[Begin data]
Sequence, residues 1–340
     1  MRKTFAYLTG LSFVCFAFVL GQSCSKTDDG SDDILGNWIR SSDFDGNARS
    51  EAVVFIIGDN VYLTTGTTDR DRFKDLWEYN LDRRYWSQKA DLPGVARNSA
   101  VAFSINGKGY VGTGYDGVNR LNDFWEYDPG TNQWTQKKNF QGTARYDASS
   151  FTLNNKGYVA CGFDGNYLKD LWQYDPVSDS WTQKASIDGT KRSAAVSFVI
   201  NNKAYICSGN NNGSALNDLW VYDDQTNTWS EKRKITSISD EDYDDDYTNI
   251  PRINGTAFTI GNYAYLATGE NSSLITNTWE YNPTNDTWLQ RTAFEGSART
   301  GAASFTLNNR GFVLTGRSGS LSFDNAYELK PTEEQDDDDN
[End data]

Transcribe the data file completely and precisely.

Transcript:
Sequence, residues 1–340
     1  MRKTFAYLTG LSFVCFAFVL GQSCSKTDDG SDDILGNWIR SSDFDGNARS
    51  EAVVFIIGDN VYLTTGTTDR DRFKDLWEYN LDRRYWSQKA DLPGVARNSA
   101  VAFSINGKGY VGTGYDGVNR LNDFWEYDPG TNQWTQKKNF QGTARYDASS
   151  FTLNNKGYVA CGFDGNYLKD LWQYDPVSDS WTQKASIDGT KRSAAVSFVI
   201  NNKAYICSGN NNGSALNDLW VYDDQTNTWS EKRKITSISD EDYDDDYTNI
   251  PRINGTAFTI GNYAYLATGE NSSLITNTWE YNPTNDTWLQ RTAFEGSART
   301  GAASFTLNNR GFVLTGRSGS LSFDNAYELK PTEEQDDDDN